Here’s a guest post from our friends over at ZingInstruments.com who are almost as obsessed about music and fitness as we are!
You can ditch the personal trainer – did you know that music can help you get fitter, healthier and better looking?
The power of music seems to be never ending, and here are 8 more science-backed ways music can help you get fitter.
A study conducted by the University of Maryland Medical Centre in 2008 showed that happy music can lower your blood pressure significantly. The study showed that happy music outperformed funny videos and even relaxing music or ambience when it came to reducing blood pressure.
But what’s so important about that?
For one, you’re less likely to suffer from heart disease. You can also expect better performance from your muscles and organs as it’s easier for your blood to deliver that all-important oxygen to your body’s cells.
Become immune to pain
If you’ve ever had a serious operation requiring surgery, you’ll be all too familiar with how much pain you’re in after the painkillers wear off.
Once again, music has your back. Back in 2005, a study performed in Sweden showed that simply playing music during surgery reduced the amount of pain felt by patients afterward.
On top of that, it also reduced the need for as much anaesthetic in the first place.
Fight off infection
Do you like dance music? If you’ve always dismissed it as rubbish, it’s time to think again. A 2013 Canadian review showed that music boosts the levels of infection-fighting cells in the body. Another study in 2008 showed something similar. It turns out that it only takes 50 minutes of dance music to effectively give your immune system a Rocky training montage.
There has been no word if ‘Eye of the Tiger’ specifically improves your immune system, but we can only imagine it does.
At the core of all of your physical activity is your heart. Without blood your muscles can’t do anything. If your heart is weak and has to constantly work hard to manage everyday tasks, you’re at higher risk of a heart attack.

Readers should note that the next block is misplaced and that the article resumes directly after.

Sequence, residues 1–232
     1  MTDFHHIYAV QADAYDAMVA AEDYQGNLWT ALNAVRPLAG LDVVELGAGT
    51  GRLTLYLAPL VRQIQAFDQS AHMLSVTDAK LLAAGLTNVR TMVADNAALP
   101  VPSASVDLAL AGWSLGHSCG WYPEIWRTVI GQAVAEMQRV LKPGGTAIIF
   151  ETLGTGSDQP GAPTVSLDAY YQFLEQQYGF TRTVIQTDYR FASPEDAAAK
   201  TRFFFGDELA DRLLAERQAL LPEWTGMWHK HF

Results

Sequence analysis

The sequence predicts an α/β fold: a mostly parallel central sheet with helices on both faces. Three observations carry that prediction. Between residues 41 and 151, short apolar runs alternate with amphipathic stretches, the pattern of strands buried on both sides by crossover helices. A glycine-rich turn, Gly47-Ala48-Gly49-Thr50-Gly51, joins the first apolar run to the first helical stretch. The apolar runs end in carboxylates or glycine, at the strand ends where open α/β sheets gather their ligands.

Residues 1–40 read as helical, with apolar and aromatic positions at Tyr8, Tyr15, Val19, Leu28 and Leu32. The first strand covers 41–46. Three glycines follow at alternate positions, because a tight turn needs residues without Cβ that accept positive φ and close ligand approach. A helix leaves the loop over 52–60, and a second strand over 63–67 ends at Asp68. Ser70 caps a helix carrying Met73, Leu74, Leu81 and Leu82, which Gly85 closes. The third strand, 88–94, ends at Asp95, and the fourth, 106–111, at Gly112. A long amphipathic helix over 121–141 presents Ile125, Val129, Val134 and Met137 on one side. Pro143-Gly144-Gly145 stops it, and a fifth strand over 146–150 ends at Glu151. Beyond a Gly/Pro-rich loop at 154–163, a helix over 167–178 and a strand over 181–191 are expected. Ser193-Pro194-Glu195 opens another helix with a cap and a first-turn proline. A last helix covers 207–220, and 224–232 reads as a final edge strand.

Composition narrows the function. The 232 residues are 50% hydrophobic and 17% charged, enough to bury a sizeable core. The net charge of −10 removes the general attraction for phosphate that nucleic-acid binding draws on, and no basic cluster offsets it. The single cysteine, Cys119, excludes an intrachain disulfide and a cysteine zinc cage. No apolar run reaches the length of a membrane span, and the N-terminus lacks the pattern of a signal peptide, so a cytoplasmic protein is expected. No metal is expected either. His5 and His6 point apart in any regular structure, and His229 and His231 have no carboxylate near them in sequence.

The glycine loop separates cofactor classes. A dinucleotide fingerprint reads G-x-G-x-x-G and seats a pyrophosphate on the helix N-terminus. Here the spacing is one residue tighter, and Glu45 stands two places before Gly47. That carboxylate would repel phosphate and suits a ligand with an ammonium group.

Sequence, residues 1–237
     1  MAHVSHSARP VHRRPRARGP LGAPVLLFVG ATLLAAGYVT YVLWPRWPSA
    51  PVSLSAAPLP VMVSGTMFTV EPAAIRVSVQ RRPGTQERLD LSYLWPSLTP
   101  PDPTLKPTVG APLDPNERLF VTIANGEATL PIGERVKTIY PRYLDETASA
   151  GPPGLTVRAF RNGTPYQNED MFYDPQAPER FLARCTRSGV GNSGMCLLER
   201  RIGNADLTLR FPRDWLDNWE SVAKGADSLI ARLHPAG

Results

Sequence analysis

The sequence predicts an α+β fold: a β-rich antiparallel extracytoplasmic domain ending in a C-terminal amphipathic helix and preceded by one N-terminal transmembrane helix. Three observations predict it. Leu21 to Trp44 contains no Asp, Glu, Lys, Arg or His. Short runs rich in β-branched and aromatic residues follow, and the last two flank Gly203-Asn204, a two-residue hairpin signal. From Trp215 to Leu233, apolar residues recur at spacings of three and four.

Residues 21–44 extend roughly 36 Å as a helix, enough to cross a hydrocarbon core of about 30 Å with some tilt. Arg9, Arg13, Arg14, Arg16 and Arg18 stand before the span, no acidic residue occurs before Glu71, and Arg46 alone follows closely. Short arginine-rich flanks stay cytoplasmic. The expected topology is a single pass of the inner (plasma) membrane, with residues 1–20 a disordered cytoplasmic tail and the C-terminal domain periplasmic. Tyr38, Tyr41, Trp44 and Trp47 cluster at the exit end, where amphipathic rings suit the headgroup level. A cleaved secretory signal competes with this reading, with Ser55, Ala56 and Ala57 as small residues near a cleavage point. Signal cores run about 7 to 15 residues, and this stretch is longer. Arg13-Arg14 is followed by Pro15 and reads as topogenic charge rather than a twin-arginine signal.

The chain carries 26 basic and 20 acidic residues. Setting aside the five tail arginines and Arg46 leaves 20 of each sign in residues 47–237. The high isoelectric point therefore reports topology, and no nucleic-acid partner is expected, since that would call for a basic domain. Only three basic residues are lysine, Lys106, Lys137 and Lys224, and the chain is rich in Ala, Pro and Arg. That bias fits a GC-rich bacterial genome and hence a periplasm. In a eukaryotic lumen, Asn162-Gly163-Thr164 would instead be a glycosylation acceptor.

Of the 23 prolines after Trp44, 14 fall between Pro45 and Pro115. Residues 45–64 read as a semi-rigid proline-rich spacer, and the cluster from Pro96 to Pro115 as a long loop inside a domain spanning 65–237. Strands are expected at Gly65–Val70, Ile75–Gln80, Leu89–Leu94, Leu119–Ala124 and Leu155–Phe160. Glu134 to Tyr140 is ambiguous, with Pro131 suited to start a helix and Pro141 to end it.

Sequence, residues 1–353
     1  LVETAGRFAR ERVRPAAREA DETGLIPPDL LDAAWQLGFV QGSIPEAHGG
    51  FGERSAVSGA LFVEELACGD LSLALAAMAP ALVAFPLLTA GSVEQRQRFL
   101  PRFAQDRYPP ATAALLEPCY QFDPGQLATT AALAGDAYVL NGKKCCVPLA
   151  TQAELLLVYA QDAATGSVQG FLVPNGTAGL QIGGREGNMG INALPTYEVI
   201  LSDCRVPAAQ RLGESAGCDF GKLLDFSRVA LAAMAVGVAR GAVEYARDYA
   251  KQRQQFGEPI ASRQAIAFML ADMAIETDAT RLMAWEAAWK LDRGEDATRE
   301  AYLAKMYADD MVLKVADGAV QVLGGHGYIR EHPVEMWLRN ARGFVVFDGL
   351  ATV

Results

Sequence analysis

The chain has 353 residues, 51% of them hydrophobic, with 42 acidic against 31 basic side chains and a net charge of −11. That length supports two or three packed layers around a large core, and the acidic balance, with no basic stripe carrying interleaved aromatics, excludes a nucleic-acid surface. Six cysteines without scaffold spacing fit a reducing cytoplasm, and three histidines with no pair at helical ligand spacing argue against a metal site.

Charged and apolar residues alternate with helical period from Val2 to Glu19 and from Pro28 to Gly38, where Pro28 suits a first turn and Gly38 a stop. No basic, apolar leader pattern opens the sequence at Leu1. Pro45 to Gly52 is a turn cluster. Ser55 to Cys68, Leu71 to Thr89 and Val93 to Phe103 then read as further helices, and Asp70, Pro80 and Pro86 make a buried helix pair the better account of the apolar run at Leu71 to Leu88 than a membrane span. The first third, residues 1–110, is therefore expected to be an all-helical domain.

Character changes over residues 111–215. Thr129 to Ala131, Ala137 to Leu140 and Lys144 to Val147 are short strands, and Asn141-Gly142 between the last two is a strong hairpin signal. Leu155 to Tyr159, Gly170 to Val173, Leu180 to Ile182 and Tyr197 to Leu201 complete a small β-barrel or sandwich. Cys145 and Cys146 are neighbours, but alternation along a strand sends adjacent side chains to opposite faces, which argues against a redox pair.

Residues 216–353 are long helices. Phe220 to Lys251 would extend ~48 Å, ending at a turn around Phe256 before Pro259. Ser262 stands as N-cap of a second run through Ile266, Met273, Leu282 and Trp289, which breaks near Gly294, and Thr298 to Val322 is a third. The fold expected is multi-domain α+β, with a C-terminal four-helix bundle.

It turns out that simply listening to music that you love, particularly the stuff you haven’t heard for a while, is enough to help your heart work smarter rather than harder.
This is strongly correlated with the ‘frission effect’ – the feeling of a shiver going down your spine in response to a flood of dopamine, the feel-good chemical.
Better quality sleep
You can spend all the time you want in the gym, but it won’t do you any good unless you give your body a chance to repair and recover. Sleeping is when this rebuilding phase kicks into action the most.
According to the Journal of Nursing Studies, listening to calming music can help you get to sleep faster. Better quality and quantity of sleep helps your body recover from training faster. Instead of opting for total silence, put on some relaxing instrumental music instead.
Let’s pretend you’re trying to escape from a 28 Days Later-style zombie apocalypse. If you’re lucky enough to still have some way of listening to music on the go, you’ll be pleased to know that you’ll be able to run faster, but also further without tiring.
Research has shown that the beats per minute (bpm) of music encourages your body to sync the rate of movement to the rhythm you hear. The higher the bpm, the faster you want to move. So whether you’re running, cycling or even having a skipping session, opt for something a little faster. The positive effect on your performance peaks at around 145-bpm. You may want to listen to something faster if you’re looking for a more intense workout, but it won’t assist you much further past this point.
In addition, it can also improve your endurance by as much as 15 percent, and keeps your mind off of the monotony.
If you’re struggling to beat your one-rep max at the gym, it’s time to bust out some hard hitting music.
A 1996 study showed that ‘stimulating’ music improved grip strength, a good source of overall strength, when compared to no music or calming music – which actually reduced grip strength.
Another study in 2012 showed that music can also boost your explosive strength. This is great for helping you break through weight-training plateaus, sprinting and other movements that require as much force as possible in the least amount of time.
Getting into shape is only partially a result of the exercise you do. Much more important is the way you eat.
Cornell University studied how music impacts our eating habits. They discovered that playing slow and soft music reduced the speed and the quantity at which people ate. So if you’re looking for some extra help to kick a few extra pounds off the next time you eat, make sure you’ve got some smooth jazz or gentle piano on in the background.
Every year we’re finding more and more ways that music is incredibly beneficial to the human body and mind. There’s literally no excuse for not listening to music all the time. It’s like a perfectly legal high, steroid and painkiller. Is there anything music can’t do?